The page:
This Year’s Western Snowpack Bodes Well for the Coming Season

Written By: Jon Easdon, Anglers Covey

Most Western states have already received more snowfall than usual this year.
Photo by Evan Jones

As an angler living in Colorado, I’m a bit of a geek when it comes to winter snowpack levels. They’re one of the best forecasting tools for river and reservoir conditions in the year to come, as higher snowpack levels result in more sustainable flows, cooler water temps, and more prolific insect hatches. And I’m happy to report that so far this year, we’re seeing some encouragingly high levels of snowpack all across the West. 

What a difference a year can make: California drought severity in 2022 (left) vs. 2023 (right)

Our whole region has been ravaged by drought for at least the past decade–particularly within the Colorado River basin–and while it will take years of positive snowpack to mitigate the effects, we’re already starting to see some signs of recovery, especially in California. They’re likely to set an all-time snowpack record this year, with more precipitation on the way, which will bring much-needed relief to a large swath of the state. Just look how much their situation has changed since roughly this same time last year.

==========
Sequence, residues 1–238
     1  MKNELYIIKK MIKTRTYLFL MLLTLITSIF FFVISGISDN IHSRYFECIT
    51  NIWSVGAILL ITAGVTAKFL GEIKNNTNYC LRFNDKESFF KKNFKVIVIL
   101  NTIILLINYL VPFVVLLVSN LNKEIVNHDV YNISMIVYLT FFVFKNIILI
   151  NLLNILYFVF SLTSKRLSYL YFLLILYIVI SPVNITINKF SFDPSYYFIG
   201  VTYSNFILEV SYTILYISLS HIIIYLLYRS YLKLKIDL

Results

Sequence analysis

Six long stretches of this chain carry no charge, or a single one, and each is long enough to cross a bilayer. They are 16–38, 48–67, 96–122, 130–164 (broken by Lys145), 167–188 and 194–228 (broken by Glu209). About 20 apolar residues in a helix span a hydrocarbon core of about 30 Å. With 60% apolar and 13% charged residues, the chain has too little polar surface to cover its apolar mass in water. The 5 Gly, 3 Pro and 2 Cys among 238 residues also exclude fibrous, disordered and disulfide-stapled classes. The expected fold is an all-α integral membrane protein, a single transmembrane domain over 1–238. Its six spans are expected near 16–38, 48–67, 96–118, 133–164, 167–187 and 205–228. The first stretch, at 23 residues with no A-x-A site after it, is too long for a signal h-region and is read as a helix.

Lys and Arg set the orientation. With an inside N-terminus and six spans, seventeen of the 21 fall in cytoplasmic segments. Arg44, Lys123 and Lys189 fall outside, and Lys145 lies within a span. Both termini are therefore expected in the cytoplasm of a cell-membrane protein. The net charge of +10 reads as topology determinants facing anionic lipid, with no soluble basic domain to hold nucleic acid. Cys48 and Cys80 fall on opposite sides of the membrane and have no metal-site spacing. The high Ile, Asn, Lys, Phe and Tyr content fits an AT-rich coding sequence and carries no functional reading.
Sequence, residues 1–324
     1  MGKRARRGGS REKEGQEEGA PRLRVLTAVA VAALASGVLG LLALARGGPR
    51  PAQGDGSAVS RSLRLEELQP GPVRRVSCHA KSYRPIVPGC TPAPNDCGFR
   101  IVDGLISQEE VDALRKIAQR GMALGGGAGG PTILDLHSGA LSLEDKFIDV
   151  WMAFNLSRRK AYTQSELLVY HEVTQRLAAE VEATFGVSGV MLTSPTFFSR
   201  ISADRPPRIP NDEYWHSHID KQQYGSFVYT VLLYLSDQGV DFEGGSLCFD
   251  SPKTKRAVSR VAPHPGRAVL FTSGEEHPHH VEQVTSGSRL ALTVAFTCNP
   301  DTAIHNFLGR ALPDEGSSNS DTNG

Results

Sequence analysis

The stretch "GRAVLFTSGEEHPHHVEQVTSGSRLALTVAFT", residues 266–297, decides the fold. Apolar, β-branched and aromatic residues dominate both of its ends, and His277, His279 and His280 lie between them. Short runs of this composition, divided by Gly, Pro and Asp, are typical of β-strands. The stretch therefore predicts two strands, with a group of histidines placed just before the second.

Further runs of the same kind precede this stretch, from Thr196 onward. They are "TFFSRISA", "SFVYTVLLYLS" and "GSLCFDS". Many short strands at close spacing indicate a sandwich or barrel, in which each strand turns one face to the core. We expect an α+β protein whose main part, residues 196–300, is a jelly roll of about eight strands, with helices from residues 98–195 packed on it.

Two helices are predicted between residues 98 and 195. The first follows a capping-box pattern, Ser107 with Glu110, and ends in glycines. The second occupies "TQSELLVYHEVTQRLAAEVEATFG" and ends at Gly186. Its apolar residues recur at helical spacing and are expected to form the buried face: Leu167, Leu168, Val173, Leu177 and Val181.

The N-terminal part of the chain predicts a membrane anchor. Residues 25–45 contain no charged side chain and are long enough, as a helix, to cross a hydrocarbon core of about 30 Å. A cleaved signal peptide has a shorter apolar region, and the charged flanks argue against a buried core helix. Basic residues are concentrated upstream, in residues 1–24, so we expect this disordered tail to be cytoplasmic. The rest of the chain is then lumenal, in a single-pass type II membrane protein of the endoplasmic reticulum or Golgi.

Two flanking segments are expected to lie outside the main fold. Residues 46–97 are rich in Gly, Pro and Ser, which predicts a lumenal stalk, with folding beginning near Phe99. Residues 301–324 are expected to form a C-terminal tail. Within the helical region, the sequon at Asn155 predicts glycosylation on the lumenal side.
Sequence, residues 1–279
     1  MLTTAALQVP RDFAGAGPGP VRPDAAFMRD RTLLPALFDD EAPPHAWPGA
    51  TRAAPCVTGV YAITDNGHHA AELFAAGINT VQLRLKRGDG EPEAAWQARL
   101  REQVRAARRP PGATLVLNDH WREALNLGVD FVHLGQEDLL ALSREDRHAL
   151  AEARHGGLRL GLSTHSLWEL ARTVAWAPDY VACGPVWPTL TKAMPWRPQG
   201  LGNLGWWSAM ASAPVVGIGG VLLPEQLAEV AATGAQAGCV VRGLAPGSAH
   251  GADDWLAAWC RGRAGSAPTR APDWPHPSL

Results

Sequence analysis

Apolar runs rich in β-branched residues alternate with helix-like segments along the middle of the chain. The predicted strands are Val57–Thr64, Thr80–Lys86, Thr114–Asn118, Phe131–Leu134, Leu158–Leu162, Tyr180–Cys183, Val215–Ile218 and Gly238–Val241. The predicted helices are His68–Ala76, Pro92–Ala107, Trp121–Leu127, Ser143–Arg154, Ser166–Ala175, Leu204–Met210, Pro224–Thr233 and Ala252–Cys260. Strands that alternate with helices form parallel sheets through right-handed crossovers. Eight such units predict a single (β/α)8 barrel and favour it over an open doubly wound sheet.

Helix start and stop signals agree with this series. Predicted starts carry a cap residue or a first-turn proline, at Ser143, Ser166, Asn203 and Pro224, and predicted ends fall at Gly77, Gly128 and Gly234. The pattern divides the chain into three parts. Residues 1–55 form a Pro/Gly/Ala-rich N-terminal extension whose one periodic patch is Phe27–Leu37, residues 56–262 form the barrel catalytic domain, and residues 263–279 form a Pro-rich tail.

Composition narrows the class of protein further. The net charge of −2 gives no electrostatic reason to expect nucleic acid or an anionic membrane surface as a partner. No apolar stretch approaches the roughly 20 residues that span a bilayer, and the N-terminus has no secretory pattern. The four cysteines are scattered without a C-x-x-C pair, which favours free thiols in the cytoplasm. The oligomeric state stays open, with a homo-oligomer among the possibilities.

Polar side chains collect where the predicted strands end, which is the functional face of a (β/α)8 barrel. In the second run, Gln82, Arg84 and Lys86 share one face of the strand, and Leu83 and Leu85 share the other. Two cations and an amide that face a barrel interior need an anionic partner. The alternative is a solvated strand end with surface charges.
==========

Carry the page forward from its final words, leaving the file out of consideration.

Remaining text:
The regions colored red (left) received less than 50% of their average annual snowpack in 2022, while some of those same regions, now shown in purple (right), received more than 150% in 2023.

Many other Western states, including Nevada, Utah, New Mexico, and even Arizona are all reporting above-average snowpack. This is pretty exciting news for the southwest, which has been plagued for several years by low water and high water temperatures. Here in Colorado we have slightly above-average snowpack, and are expecting more during March and April, our highest precipitation months. Looking north, Wyoming is currently above average, while Montana and Oregon are right about average. In La Niña years, it’s fairly typical that the Northwest does not see as much snow, but there is still time. It only takes one or two big spring storms to really ramp up the late-season snowpack.

Black line indicating Colorado’s current snowpack compared to previous years. Red shows drought conditions where snowpack was exhausted too early, while purple shows high-water years.

The final deciding factor will be how quickly things start to warm up into the spring. When temperatures rise too fast, we can lose the snowpack at too rapid a pace, negatively impacting our fisheries and increasing the wildfire danger. But if we get a slow warm-up, water supplies will be stretched well into summer, creating far better conditions not only for anglers, but for everyone. If things stay on the current track, we should be looking pretty positive in terms of water this year all across the West.

Jon Easdon is Director of Services for Anglers Covey in Colorado Springs, CO.

Leave a Reply

Your email address will not be published. Required fields are marked *